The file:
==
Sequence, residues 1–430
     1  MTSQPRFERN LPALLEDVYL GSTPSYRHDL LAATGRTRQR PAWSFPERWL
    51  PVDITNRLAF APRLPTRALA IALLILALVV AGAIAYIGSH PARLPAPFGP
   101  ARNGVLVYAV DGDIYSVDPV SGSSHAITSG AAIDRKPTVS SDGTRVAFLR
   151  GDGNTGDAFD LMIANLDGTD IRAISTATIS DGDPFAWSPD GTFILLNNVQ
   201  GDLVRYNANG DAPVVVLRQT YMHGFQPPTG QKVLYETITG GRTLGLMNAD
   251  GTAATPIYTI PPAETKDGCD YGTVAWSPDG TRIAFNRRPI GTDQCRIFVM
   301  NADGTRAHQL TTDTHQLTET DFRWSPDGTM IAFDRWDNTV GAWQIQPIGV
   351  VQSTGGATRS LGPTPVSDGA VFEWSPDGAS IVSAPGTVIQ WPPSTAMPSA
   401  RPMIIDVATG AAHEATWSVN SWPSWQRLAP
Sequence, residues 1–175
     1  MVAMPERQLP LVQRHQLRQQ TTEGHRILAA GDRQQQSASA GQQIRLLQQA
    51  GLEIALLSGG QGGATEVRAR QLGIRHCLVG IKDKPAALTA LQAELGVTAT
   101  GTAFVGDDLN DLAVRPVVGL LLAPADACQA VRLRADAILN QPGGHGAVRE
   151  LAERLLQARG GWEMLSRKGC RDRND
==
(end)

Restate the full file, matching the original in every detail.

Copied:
Sequence, residues 1–430
     1  MTSQPRFERN LPALLEDVYL GSTPSYRHDL LAATGRTRQR PAWSFPERWL
    51  PVDITNRLAF APRLPTRALA IALLILALVV AGAIAYIGSH PARLPAPFGP
   101  ARNGVLVYAV DGDIYSVDPV SGSSHAITSG AAIDRKPTVS SDGTRVAFLR
   151  GDGNTGDAFD LMIANLDGTD IRAISTATIS DGDPFAWSPD GTFILLNNVQ
   201  GDLVRYNANG DAPVVVLRQT YMHGFQPPTG QKVLYETITG GRTLGLMNAD
   251  GTAATPIYTI PPAETKDGCD YGTVAWSPDG TRIAFNRRPI GTDQCRIFVM
   301  NADGTRAHQL TTDTHQLTET DFRWSPDGTM IAFDRWDNTV GAWQIQPIGV
   351  VQSTGGATRS LGPTPVSDGA VFEWSPDGAS IVSAPGTVIQ WPPSTAMPSA
   401  RPMIIDVATG AAHEATWSVN SWPSWQRLAP
Sequence, residues 1–175
     1  MVAMPERQLP LVQRHQLRQQ TTEGHRILAA GDRQQQSASA GQQIRLLQQA
    51  GLEIALLSGG QGGATEVRAR QLGIRHCLVG IKDKPAALTA LQAELGVTAT
   101  GTAFVGDDLN DLAVRPVVGL LLAPADACQA VRLRADAILN QPGGHGAVRE
   151  LAERLLQARG GWEMLSRKGC RDRND